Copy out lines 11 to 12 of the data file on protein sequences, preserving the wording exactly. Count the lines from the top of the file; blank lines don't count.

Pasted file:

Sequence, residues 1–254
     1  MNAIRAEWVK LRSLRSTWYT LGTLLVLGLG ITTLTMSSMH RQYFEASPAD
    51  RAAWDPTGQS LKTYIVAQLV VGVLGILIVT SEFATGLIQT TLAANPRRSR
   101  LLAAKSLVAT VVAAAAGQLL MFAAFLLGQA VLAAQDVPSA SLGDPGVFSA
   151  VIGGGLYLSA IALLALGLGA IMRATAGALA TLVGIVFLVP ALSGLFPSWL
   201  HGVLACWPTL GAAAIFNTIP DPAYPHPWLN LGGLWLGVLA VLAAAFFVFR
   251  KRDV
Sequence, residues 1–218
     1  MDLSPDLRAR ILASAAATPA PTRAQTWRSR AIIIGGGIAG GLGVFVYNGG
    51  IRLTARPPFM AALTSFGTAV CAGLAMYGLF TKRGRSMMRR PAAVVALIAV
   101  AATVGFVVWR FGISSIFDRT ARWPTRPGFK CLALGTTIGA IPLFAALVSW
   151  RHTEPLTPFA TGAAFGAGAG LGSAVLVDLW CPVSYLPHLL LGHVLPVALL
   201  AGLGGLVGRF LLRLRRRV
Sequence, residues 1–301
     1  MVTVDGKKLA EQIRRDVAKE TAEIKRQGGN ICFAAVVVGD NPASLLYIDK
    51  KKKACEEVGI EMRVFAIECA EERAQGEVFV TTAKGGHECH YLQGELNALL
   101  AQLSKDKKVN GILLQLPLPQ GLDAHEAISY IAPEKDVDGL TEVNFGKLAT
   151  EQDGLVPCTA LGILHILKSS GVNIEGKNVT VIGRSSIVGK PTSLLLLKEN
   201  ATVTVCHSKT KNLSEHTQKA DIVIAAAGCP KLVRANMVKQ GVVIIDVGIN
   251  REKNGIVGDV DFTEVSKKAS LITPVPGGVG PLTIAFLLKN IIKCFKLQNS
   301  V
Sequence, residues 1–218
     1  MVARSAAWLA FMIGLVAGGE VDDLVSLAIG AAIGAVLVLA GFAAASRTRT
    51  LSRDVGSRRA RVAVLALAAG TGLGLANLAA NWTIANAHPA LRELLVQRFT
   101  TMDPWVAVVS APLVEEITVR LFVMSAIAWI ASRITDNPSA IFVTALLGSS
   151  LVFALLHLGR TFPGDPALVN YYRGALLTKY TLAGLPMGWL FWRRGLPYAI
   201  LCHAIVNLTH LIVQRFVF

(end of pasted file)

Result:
   101  AATVGFVVWR FGISSIFDRT ARWPTRPGFK CLALGTTIGA IPLFAALVSW
   151  RHTEPLTPFA TGAAFGAGAG LGSAVLVDLW CPVSYLPHLL LGHVLPVALL